Tuesday, March 29, 2011

An Excerpt from "Mr. Bandookwala, M.B.A., Harvard," with Context Explained!

Sorry, I forgot to put this excerpt in context. This passage is just before the carnage in hotel The Trinity where extremists mow down people in the five-star hotel. Bandookwala has a sense of foreboding as he stands in the majestic lobby of The Trinity and looks outside at Marine Drive. I am trying to express the premonition he has of the mayhem he is about to witness, which creates a waxing and waning of emotions inside him. This happens before the malicious bloodletting which kills two friends but spares him. Please read and comment:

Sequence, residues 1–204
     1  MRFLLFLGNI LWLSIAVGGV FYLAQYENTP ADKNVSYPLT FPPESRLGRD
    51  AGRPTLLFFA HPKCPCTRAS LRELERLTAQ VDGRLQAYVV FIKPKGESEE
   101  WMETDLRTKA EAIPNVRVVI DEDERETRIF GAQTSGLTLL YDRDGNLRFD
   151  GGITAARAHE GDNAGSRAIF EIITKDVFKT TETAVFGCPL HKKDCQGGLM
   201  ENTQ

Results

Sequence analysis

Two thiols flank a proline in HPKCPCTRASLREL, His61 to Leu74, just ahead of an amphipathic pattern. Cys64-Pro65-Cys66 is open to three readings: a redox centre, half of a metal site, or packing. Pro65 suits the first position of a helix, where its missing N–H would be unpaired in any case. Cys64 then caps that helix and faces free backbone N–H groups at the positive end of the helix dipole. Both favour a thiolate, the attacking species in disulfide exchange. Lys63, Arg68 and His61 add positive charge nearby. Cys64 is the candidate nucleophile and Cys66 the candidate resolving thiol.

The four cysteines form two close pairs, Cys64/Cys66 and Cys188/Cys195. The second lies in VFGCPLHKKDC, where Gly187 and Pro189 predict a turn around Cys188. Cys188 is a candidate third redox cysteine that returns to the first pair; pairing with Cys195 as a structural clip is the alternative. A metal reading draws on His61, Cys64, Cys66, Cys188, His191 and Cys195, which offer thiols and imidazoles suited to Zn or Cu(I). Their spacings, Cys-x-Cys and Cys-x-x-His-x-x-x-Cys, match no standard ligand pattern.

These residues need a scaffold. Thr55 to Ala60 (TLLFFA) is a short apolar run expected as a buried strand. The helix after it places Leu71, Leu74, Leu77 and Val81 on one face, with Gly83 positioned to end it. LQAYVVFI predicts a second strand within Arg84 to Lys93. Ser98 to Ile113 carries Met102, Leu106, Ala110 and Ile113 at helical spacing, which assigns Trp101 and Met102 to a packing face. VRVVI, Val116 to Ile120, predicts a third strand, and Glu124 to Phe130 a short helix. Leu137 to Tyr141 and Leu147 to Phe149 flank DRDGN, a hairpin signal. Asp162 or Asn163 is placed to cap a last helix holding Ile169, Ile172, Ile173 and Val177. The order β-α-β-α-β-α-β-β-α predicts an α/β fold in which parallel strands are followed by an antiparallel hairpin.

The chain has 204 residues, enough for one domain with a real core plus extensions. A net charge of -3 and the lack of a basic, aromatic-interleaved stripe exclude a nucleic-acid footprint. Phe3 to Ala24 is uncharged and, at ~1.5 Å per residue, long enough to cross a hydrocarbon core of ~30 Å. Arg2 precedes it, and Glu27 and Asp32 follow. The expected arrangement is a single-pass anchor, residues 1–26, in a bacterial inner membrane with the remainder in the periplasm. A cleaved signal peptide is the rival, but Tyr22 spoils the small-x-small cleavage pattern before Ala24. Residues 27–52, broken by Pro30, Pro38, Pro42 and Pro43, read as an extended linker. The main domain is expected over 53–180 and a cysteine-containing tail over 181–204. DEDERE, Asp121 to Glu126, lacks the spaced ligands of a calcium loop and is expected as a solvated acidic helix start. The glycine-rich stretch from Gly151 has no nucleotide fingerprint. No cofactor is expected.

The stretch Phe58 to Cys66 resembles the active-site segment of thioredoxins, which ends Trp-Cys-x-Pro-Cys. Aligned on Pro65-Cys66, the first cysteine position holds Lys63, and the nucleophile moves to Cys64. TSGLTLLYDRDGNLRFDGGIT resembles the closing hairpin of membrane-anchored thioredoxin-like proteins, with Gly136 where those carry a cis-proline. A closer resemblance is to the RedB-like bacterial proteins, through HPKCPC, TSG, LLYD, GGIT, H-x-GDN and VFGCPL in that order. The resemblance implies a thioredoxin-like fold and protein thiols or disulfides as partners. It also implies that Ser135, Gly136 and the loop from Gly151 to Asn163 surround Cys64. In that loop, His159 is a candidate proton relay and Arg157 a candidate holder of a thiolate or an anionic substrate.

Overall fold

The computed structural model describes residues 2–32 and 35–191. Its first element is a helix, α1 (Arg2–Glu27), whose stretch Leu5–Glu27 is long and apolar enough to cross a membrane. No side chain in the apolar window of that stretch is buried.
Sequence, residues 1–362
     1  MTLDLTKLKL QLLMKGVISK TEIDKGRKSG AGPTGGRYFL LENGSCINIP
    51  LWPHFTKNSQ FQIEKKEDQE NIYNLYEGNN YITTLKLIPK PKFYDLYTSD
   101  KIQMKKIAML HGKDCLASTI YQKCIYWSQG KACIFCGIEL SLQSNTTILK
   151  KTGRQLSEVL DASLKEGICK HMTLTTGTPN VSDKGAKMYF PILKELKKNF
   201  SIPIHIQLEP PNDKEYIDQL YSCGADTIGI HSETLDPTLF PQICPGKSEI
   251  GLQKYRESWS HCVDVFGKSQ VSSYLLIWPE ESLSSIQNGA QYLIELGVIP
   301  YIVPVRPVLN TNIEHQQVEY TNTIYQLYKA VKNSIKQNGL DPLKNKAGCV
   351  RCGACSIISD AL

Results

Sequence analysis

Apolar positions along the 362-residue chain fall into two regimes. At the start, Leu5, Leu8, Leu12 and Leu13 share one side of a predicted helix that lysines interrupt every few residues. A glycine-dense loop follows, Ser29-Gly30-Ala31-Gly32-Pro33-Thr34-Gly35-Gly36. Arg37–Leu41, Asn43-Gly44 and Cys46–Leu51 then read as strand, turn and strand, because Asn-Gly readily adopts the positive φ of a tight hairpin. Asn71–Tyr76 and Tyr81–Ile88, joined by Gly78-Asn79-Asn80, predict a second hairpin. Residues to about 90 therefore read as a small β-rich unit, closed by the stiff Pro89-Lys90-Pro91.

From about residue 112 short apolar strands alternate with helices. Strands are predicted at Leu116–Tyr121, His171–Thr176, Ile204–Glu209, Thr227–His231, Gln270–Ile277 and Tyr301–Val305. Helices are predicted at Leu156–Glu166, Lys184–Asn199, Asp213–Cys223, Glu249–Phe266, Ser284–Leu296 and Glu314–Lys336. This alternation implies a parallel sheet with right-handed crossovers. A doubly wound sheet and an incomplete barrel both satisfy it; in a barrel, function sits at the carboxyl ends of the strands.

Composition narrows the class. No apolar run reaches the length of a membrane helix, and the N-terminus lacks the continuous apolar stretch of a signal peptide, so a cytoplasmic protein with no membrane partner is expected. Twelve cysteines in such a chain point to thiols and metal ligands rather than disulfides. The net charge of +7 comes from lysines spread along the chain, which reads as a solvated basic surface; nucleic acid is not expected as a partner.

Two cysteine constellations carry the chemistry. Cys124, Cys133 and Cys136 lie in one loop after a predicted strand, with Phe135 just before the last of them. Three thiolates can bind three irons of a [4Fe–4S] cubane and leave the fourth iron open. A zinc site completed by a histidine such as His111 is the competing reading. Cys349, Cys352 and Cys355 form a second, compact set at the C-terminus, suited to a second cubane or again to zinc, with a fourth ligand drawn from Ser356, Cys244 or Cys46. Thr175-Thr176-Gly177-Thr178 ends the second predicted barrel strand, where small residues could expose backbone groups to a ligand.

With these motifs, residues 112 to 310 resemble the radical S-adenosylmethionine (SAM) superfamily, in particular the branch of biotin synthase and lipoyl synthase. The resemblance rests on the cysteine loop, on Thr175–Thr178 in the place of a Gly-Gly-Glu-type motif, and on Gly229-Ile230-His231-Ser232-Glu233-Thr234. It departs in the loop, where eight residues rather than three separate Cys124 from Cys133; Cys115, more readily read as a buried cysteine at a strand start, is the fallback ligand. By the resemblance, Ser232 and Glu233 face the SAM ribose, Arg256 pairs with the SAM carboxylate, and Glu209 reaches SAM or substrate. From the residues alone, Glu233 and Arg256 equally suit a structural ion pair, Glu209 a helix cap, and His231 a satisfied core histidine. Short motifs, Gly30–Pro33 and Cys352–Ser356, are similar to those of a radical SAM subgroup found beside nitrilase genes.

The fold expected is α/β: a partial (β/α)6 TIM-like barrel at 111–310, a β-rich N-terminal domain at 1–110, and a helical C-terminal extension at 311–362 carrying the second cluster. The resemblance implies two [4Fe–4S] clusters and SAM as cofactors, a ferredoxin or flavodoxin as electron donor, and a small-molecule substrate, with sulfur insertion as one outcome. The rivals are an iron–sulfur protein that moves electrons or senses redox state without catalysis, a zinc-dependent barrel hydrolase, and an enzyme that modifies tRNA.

"Adi says he is busy with some client who has arrived from Delhi, but since it is a Wala-mulaqat he will meet us at 8 p.m. He says he will inform Screw about it. I look at my watch, 6.30 p.m. Standing in the huge artificially-cooled glassed atrium I stare at the cerulean waves that toss outside on Marine Drive, it's violence now dulled by the distance. For a moment I imagine the violence of the waves against the shore as it would appear from close by. A thought crosses my mind that violence manifests in everything, every living being unless controlled. It's been hot and raining these few days. A warm and muggy rain which looks as if it begins nowhere and ends nowhere. Some beggars are going from people to people begging for coins. I can see their pitiful imploring faces snarl when they don't get even a small coin tossed into their hands. They curse! They curse the worst regional curses there are. "May you rot and your body be ridden with maggots!" The huge glass panel shields me at the moment from the anarchy of weather and the tugging feeling of human poverty outside. It's an artificial security. In fact, I feel vulnerable. A soft music plays on the public address system, which soothes me a little. Not for long. A temporary inertia comes over me, an inertia bought by money which comes from a well-paying job. It's in such environments that the rich live and which make them callous to the poverty that exists outside. Suppose I lose my job? A temporary sense of dread and vulnerability washes over me again. It's a momentary feeling, a feeling which comes and is gone in a few seconds when I feel an ominous panic overcoming me. Then it subsides. I let myself relax and think of Evita and my childhood spent in awe of her. I am excited. I am meeting Adi and Screw, my buddies, after a long time. It is an excitement tinged with sadness as I will miss Tyre and Mosquito."

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